KARACHI: Online shopping is growing at a rapid clip thanks to wider Internet access, ubiquitous smartphones and frantic discounts.
Optimism runs so high that one stakeholder believes “the actual shopping would only happen online in the next three years and malls would only be there for leisure”.
But that optimism might be premature as a typical Pakistani consumer is still reluctant to shop online, whereas those who do buy online continue to complain about issues like deliveries arriving late or receiving faulty or damaged goods.
Talha Ali was a regular consumer of online goods until “I started receiving late deliveries and things different from what I had ordered”.
“Now the best way for me is to check the price online and then buy it from a physical store,” he said.
However, online retailers stress their sales are on the rise despite these issues.
Increase in online spending ahead of Eidul Fitr is particularly higher, with big e-commerce marketplaces having enjoyed double-digit growth this Ramazan.
“Eid sales have shot up this season compared with the last year and our average turnover. Our sales grew almost 30pc,” said Ali Zain Sheikh, country manager at Kaymu.pk.
He mentioned hot weather and rains as two factors that ate into sales of brick-and-mortar retail trade and hence came down in favour of online sellers.
Moreover, the average size of an online purchase also increased due to a number of reasons; for instance, women who bought cloth must have to match it with imitation jewellery and shoes.
Another reason for rise in sales was that people spent more time on their mobiles and social media in Ramazan, Mr Sheikh said.
Daraz.pk also enjoyed better Eid-related sales this season as “people were in shopping mood”, Saman Javed, the head of corporate communications and partnerships at the online store, said.
“During our Mobile Week event that we hosted during Ramazan, we received 21 times more orders in one day than a regular day and two million people were on our website,” she said.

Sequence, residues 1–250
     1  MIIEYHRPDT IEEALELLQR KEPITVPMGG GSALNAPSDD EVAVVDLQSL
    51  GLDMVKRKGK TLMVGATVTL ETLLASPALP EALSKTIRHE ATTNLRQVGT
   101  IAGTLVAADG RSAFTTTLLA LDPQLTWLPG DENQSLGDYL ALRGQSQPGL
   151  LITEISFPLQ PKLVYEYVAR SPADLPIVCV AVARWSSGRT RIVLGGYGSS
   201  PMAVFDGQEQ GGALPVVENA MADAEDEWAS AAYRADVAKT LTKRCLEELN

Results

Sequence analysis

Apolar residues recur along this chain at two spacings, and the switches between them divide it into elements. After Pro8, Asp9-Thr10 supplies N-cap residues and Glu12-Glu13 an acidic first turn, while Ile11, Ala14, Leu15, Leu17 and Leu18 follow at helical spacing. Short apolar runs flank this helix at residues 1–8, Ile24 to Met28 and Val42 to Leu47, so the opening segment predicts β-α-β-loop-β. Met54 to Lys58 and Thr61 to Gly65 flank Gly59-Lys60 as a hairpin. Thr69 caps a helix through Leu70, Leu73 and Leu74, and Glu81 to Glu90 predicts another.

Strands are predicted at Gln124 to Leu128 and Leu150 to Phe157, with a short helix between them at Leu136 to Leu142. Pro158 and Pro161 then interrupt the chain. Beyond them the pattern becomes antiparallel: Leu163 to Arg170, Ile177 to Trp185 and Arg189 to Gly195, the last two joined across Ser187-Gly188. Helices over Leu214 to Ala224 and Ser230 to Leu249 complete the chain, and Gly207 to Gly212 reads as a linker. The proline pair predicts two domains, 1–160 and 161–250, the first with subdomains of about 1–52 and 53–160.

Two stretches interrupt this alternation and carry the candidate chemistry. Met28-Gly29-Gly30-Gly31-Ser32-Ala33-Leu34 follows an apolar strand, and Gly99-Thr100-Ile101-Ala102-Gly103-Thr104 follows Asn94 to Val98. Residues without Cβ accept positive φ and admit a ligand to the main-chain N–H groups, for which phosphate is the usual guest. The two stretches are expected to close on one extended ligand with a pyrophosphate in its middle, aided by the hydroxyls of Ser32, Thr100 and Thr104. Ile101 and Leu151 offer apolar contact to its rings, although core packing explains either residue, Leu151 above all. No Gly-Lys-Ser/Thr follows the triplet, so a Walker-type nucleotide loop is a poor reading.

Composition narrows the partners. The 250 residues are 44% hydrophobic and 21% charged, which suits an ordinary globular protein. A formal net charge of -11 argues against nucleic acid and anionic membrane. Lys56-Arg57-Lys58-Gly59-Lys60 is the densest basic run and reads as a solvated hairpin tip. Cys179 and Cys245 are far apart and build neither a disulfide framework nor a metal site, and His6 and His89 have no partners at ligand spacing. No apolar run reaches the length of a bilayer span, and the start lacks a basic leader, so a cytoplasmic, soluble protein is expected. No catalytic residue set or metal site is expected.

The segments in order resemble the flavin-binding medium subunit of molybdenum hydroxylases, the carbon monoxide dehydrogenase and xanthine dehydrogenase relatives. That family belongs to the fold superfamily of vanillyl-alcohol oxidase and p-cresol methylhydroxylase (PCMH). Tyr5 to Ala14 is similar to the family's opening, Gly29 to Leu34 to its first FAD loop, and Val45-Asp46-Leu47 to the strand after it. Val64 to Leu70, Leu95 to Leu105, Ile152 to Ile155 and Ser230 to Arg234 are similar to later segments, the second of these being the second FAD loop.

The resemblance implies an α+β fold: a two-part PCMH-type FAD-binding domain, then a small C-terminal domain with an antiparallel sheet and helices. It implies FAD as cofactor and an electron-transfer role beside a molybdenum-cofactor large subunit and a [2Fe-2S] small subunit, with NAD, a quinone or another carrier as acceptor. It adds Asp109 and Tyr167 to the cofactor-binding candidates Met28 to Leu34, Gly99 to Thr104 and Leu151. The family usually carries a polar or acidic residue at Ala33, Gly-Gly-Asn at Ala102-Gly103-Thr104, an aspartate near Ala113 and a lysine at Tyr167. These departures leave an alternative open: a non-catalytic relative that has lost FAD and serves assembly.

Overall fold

Ms Javed believed that convenience was the prime reason why more and more people are shopping online. “They get the best deals at incredible prices with delivery at their doorstep. They have all the reasons to opt for it.”
Fashion items and mobile phones remained the dominant purchases on both the websites. On Kaymu for example, sales of watches and jewellery almost doubled as compared to the usual figures.
However, the kind of desperate discounts the online sellers are offering show that they are ready to go to any lengths to grab the attention of wary consumers, most of whom have never bought anything online before.
For instance, Daraz knocked 90pc off from some products during its sales events while Kaymu was selling some of the items at half price.
The volume of online spending is getting bigger especially through smartphones and tablets. The number of people using third-generation (3G) and 4G services has more than doubled in the past year, ie from 14.6 million in June 2015 to 29.7m at the end of May 2016, according to the Pakistan Telecommunication Authority.On a question about the size of Pakistan’s e-commerce industry, Mr Sheikh said experts put it around $60m to $100m. However, Ms Javed thought it prudent not to say anything about a figure no one agrees on. “It’s only speculation out there,” she said.
Some of the other prominent local e-commerce websites include Whatmobile.com.pk, Shophive.com and Homeshopping.pk, all of whom are ranked among the top-200 websites in Pakistan by the web traffic analyzer Alexa.com.
Published in Dawn, July 9th, 2016